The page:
“My concern is the larger relationship with these local communities and we need to find a way to do right by that,” he said. “What I hear meeting after meeting after meeting at these Community Engagement Panel sessions, is a lot of people in the local communities are worried about exactly the same thing.”

Within his knowledge, the next steps will include DOE releasing its observations from the information submitted through the RFI and a possible invitation to communities to nominate themselves as potential host facilities.

Victor also referenced existing movements to establish temporary sites in New Mexico and Texas, although those have received resistance.

There has been a consistent group of San Clemente residents who have expressed concern to Duncan regarding the issue and are frustrated with the length of the siting process, which was a part of his motivation to propose the resolution, according to the mayor pro tem,

His concerns stem from the complicated nature of any effort to move nuclear fuel to a new location, including getting approval from all the entities the waste travels through on its way to the final destination. He also spoke about the temporary aspect of the process.

“If you don’t have a longer-term plan than temporary, it might as well be permanent because as we’ve seen with the fuel at our location, once it’s at a location (and) you have that inertia, it’s hard to get the momentum moving again in the direction of transporting it somewhere else,” Duncan said.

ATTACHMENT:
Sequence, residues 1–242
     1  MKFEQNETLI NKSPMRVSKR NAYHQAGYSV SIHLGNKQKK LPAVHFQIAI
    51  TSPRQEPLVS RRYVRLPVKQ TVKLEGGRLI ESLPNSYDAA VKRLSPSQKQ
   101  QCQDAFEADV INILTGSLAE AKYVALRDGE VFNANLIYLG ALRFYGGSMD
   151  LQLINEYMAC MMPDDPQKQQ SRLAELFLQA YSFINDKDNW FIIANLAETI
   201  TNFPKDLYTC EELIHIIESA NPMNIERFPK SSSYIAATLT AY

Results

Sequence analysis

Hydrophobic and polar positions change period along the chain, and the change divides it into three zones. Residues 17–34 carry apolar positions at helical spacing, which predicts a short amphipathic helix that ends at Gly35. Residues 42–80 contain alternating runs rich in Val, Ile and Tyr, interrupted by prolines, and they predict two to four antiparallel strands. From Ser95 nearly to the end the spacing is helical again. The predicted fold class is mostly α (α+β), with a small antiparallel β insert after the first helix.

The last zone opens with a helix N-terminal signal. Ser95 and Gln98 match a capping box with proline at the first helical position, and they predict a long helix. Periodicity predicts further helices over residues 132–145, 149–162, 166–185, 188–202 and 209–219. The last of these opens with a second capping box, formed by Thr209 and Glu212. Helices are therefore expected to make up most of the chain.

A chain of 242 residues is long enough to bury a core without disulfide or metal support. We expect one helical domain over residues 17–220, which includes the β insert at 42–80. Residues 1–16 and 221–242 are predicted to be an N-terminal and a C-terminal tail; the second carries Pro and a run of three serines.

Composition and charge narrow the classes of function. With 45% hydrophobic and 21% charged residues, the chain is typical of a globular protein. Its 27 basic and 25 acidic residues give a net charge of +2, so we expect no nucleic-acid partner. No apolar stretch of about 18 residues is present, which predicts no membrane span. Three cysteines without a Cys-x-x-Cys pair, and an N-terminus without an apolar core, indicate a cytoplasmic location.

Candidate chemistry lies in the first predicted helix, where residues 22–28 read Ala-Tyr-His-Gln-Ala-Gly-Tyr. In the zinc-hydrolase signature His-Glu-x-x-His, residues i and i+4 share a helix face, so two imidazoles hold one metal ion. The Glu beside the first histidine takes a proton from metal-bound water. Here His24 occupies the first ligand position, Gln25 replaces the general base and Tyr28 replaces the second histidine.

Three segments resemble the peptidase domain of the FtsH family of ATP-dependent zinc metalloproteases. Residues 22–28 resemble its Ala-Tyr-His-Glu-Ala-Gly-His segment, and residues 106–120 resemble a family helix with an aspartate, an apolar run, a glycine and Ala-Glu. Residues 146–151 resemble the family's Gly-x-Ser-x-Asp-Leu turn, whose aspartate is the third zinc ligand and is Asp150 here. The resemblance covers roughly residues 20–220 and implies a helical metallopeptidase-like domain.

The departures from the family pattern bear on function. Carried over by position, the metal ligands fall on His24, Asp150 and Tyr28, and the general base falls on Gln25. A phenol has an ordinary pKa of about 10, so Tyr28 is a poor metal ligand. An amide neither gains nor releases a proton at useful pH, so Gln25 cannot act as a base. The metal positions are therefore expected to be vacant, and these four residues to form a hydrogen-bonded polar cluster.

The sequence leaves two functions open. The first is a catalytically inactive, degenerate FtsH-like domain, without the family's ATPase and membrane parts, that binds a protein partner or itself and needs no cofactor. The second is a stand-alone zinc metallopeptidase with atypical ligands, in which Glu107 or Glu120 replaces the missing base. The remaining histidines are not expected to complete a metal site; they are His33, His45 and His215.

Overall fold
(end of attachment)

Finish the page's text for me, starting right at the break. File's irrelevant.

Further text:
To avoid seeming as though he was “pouring cold water” on the situation, Duncan added that he hopes the federal government’s movement is successful but wants to be realistic. Another solution he has thought of would involve the state playing a central role in identifying a location for California’s spent fuel within state limits.

His CEP colleague expressed openness to Duncan’s idea, as Victor added every credible idea should be discussed.

“I think the politics of California are difficult, but that could be a completely viable solution,” Victor said. “We should be working on that along with a lot of others.”

The professor added that an important factor within the process is communities being informed on all the possible options.

CEP leadership, including Victor, Vice-Chairperson Dan Stetson, and Secretary Martha McNicholas, were among those who answered DOE’s call for information, by sending a letter on Feb. 3.

They expressed a desire for “responsible approaches” to removing fuel from SONGS, for DOE to actively gather input from involved communities, and for the department to expand the interim program to an integrated spent fuel management program.

The letter also asked DOE to prioritize spent fuel at decommissioned or decommissioning sites, as was stipulated by the Nuclear Waste Policy Act to start removing waste in 1998.

“The standard contract that governs fuel removal has flexibility regarding the ordering of fuel shipments, and putting a clearer priority on stranded fuel would help make shipping more efficient and also advance the decommissioning of such plants; the land can’t be restored for more productive uses until the spent fuel is removed,” it read.